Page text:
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Sixth Circuit Joins `Legion' Of Appellate Courts Requiring Proof of Anticompetitive Effect to Support PSA Claims

Wednesday, May 12, 2010

(American Meat Institute)

In a ruling consistent with seven other appellate courts, the United States Court of Appeals for the Sixth Circuit held that for a plaintiff to establish under Sections 202(a) or 202(b) of the Packers and Stockyards Act (PSA) that a practice is "unfair, unjustly discriminatory, or deceptive," the plaintiff must show that the practice has an anticompetitive effect — that it adversely affects or is likely to adversely affect competition. 

In its opinion in Terry v. Tyson Farms, Inc. the three judge panel stated that it was joining a "legion" of appellate courts that have held that demonstrating an anticompetitive effect is a necessary element of a PSA claim.

AMI and the National Chicken Council (NCC) jointly submitted an amicus brief in the Terry case urging the Sixth Circuit to adopt the position taken by the other appellate courts.  The Sixth Circuit agreed, stating that the "tide" of precedent had become a "tidal wave," with this decision coming on the heels of a recent decision in Fifth Circuit, Wheeler v. Pilgrim's Pride Corp., in which the Fifth Circuit came to the same conclusion and in which NCC and AMI also participated as amicus.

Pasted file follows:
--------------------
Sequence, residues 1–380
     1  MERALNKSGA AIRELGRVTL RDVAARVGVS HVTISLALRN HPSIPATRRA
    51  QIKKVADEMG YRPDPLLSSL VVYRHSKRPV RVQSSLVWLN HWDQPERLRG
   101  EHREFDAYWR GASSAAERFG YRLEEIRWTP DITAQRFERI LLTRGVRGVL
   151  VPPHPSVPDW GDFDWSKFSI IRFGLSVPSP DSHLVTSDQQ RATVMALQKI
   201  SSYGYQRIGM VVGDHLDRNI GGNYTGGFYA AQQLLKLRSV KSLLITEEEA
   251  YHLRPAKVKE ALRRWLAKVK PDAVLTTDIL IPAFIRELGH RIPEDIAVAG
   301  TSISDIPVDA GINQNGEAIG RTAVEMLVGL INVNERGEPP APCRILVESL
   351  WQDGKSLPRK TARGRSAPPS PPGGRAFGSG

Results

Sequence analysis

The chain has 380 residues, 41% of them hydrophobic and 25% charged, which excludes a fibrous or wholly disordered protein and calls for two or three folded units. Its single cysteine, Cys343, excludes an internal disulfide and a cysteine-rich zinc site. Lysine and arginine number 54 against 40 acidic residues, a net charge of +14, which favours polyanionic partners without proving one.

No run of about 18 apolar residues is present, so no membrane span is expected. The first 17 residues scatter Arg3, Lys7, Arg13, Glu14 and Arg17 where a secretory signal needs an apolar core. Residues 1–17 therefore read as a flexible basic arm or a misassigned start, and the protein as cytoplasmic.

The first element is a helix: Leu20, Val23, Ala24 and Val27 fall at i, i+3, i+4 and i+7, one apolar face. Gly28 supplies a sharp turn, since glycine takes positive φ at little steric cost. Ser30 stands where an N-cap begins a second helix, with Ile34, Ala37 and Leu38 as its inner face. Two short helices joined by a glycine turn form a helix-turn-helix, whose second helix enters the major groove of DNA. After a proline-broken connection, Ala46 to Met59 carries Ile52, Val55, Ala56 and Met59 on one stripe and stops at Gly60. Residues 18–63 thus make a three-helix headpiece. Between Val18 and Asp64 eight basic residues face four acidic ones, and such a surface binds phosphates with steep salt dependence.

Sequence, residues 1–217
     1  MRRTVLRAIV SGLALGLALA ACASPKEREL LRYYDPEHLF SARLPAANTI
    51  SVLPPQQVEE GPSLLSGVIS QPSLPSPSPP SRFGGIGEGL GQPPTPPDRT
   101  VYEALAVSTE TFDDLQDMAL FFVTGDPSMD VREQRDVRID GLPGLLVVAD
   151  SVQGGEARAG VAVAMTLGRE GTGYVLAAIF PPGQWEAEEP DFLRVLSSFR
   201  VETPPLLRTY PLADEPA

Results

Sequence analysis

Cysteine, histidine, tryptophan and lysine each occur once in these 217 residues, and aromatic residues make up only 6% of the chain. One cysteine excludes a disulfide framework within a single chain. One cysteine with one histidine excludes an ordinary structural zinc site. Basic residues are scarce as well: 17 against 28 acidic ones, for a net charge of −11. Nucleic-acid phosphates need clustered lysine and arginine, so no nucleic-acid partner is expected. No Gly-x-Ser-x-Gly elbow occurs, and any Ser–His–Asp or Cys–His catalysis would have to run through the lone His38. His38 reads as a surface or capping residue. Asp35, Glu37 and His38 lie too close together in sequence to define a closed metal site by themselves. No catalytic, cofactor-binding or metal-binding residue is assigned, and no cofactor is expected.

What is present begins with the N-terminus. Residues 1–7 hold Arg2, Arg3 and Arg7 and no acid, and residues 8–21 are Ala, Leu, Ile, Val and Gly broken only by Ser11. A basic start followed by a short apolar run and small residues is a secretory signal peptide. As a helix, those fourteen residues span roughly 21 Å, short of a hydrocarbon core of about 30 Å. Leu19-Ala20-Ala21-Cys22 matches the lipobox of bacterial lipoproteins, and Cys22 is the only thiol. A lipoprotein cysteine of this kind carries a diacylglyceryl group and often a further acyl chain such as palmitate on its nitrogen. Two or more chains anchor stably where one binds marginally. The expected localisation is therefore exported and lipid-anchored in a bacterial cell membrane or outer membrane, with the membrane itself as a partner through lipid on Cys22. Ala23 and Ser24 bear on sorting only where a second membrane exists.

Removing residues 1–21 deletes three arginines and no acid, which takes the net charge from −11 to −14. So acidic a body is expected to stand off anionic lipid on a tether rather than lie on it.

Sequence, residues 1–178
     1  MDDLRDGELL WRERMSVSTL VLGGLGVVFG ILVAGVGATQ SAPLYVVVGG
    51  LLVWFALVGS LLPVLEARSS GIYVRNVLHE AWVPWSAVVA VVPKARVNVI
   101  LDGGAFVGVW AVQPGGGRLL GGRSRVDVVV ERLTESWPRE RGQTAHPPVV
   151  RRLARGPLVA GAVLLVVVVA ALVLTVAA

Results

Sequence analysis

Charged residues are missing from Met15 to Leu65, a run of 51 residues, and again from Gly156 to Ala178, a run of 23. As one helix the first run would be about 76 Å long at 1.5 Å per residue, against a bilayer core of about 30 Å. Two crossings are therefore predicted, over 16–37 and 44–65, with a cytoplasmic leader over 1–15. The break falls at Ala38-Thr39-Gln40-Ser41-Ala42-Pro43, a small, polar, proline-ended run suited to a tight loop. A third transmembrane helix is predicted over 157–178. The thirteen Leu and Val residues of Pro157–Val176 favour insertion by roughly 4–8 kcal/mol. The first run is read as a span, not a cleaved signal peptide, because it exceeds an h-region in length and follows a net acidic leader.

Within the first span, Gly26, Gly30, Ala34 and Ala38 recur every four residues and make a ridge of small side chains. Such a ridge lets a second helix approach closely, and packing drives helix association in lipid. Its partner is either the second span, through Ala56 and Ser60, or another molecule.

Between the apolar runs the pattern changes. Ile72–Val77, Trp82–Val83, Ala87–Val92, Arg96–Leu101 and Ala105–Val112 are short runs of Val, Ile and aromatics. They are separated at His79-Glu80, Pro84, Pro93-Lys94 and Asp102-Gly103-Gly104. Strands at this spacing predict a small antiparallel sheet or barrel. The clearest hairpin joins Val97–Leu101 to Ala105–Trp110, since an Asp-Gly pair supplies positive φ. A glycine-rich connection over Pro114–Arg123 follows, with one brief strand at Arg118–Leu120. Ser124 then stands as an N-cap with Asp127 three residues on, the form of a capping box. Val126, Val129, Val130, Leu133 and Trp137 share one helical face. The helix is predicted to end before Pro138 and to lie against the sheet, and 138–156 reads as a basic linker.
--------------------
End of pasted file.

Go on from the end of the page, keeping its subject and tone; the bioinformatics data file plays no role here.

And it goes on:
Eight federal appellate courts have now considered whether the PSA requires a showing of anticompetitive effect with every circuit concluding such a showing is necessary.  The plaintiffs in Terry still could file a petition for certiorari in the U.S. Supreme Court.    

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